Examining the Impact of Latino Nativity, Migration, and Acculturation Factors on Colonoscopy Screening
Latinos are a diverse population comprised of multiple countries of origin with varying cultural profiles. This study examines differences in colonoscopy completion across place of birth and migration-related factors in a sample of predominantly Dominican and Puerto Rican Latinos living in New York City after receiving a recommendation for colonoscopy screening and navigation services. The sample included 702 Latinos recruited for two cancer screening projects targeting Latinos eligible for colonoscopy who seek healthcare in New York City. Participants completed a survey that included sociodemographic, health-related questions, psychosocial assessments and cancer screening practices, in Spanish or English. Migration, acculturation, and language factors were found to predict colonoscopy completion. The results indicated that Latinos born in the Dominican Republic and Central America were more likely to complete a screening colonoscopy than their counterparts born in the US. Further, those who emigrated at an older age, who have resided in the US for less than 20 years, preferred Spanish and those with lower US acculturation levels were also more likely to complete a screening colonoscopy. The findings suggest that Latinos who are less acculturated to the US are more likely to complete a screening colonoscopy after receiving a physician recommendation for colonoscopy screening. The results provide important information that can inform clinical practice and public health interventions. Continued attention to cultural and migration influences are important areas for cancer screening intervention development.
KeywordsColonoscopy Adherence Latinos Cancer screening Immigrant Health
- 1.US Census. (2012). The Hispanic population in the United States: 2012. Retrieved from: http://www.census.gov/population/hispanic/data/2012.html.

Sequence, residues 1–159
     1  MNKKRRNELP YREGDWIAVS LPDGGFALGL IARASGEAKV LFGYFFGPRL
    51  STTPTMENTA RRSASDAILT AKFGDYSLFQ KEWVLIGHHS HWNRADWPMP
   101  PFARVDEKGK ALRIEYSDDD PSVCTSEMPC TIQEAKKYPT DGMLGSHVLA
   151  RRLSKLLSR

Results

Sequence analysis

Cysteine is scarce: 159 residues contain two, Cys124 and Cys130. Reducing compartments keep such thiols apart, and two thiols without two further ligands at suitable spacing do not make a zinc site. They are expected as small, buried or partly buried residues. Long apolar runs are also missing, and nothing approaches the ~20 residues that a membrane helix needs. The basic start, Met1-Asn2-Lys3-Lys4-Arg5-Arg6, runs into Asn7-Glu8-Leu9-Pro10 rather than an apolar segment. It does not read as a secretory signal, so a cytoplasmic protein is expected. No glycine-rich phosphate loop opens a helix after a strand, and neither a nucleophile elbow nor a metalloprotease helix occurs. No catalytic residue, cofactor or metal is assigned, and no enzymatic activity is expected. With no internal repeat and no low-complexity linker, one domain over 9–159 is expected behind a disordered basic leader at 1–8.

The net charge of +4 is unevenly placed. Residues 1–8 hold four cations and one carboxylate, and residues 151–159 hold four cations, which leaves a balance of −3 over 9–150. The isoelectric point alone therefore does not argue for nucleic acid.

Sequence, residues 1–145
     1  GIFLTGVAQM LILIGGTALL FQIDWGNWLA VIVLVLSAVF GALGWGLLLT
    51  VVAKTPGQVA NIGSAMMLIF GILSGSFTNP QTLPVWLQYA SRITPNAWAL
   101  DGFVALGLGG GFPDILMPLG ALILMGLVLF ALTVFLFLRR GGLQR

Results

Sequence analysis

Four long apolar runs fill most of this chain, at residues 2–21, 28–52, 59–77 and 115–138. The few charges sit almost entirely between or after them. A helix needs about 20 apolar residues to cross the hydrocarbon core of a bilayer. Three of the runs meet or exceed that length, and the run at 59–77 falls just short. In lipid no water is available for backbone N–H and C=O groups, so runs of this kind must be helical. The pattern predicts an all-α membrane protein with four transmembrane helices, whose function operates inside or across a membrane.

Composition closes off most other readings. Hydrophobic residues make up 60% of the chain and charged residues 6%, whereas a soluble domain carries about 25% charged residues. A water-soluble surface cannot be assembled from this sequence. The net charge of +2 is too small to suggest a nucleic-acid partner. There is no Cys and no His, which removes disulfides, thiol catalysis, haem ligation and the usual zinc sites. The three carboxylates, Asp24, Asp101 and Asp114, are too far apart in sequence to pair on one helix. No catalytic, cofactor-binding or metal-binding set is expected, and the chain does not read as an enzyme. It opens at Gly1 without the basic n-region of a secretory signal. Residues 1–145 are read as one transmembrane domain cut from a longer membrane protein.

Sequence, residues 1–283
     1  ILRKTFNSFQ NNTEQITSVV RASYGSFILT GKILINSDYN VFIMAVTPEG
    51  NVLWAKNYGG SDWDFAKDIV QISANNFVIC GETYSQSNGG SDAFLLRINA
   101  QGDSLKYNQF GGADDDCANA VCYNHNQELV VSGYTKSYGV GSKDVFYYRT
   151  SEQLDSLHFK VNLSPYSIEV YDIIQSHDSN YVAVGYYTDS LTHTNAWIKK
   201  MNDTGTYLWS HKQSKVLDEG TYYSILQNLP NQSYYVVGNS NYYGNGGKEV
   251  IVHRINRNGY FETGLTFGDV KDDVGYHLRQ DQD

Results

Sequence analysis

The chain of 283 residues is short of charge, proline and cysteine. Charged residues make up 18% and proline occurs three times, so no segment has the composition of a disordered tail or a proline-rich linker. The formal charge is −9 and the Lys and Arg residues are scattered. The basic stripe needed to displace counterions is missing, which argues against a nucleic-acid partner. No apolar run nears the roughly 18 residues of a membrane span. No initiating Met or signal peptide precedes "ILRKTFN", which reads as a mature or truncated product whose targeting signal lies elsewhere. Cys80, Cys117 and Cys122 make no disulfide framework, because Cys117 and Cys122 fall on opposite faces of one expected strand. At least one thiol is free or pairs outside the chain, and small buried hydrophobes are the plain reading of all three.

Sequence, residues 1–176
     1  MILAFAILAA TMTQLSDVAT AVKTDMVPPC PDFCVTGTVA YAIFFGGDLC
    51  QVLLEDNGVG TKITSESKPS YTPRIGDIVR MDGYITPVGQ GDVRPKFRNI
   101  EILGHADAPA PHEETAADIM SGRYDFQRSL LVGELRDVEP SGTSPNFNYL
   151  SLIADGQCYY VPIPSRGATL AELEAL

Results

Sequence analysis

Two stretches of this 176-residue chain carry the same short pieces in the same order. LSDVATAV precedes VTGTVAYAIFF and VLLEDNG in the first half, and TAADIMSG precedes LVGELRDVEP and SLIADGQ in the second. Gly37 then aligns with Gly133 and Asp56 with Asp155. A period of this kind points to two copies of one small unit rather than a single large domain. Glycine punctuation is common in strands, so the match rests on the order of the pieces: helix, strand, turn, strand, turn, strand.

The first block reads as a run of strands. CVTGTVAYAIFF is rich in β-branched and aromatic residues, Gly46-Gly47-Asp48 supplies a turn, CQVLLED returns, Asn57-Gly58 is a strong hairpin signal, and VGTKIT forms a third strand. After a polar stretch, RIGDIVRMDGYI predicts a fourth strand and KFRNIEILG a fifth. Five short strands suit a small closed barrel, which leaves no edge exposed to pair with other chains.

- 2.US Census Bureau. Place of birth for the foreign-born population in the United States, 2006–2010. Google Scholar
- 3.American Cancer Society. (2012). Cancer Facts & Figures for Hispanics/Latinos 2012–2014. American Cancer Society.Google Scholar
- 7.Goel, M. S., Wee, C. C., McCarthy, E. P., Davis, R. B., Ngo-Metzger, Q., & Phillips, R. S. (2003). Racial and ethnic disparities in cancer screening: The importance of foreign birth as a barrier to care. Journal of General Internal Medicine, 18(12), 1028–1035.CrossRefPubMedPubMedCentralGoogle Scholar
- 10.Shelton, R. C., Jandorf, L., Thelemaque, L., King, S., & Erwin, D. O. (2012). Sociocultural determinants of breast and cervical cancer screening adherence: An examination of variation among immigrant Latinas by country of origin. Journal of Health Care for the Poor and Underserved, 23(4), 1768–1792.CrossRefPubMedGoogle Scholar
- 13.Jandorf, L., Ellison, J., Villagra, C., Winkel, G., Varela, A., Quintero-Canetti, Z., & Duhamel, K. (2010). Understanding the barriers and facilitators of colorectal cancer screening among low income immigrant Hispanics. Journal of Immigrant and Minority Health, 12(4), 462–469.CrossRefPubMedPubMedCentralGoogle Scholar
- 19.Afable-Munsuz, A., Liang, S. Y., Ponce, N. A., & Walsh, J. M. (2009). Acculturation and colorectal cancer screening among older Latino adults: Differential associations by national origin. Journal of General Internal Medicine, 24(8), 963–970. doi:10.1007/s11606-009-1022-9.CrossRefPubMedPubMedCentralGoogle Scholar
- 21.PAHO/WHO. (2013). Cancer in the Americas. Country profiles. Retrieved from: http://bit.ly/1b5chfx.
- 22.Jandorf, L., Gutierrez, Y., Lopez, J., Christie, J., & Itzkowitz, S. H. (2005). Use of a patient navigator to increase colorectal cancer screening in an urban neighborhood health clinic. Journal of Urban Health-Bulletin of the New York Academy of Medicine, 82(2), 216–224. doi:10.1093/jurban/jti046.PubMedPubMedCentralGoogle Scholar
- 27.Hillyer, G. C., Basch, C. E., Schmitt, K. M., & Neugut, A. I. (2011). Feasibility and efficacy of pairing fecal immunochemical testing with mammography for increasing colorectal cancer screening among uninsured Latinas in northern Manhattan. Preventive Medicine, 53(3), 194–198. doi:10.1016/j.ypmed.2011.06.011.CrossRefPubMedGoogle Scholar
- 28.Lara, M., Gamboa, C., Kahramanian, M. I., Morales, L. S., & Bautista, D. E. (2005). Acculturation and Latino health in the United States: A review of the literature and its sociopolitical context. Annual Review of Public Health, 26, 367–397. doi:10.1146/annurev.publhealth.26.021304.144615.CrossRefPubMedGoogle Scholar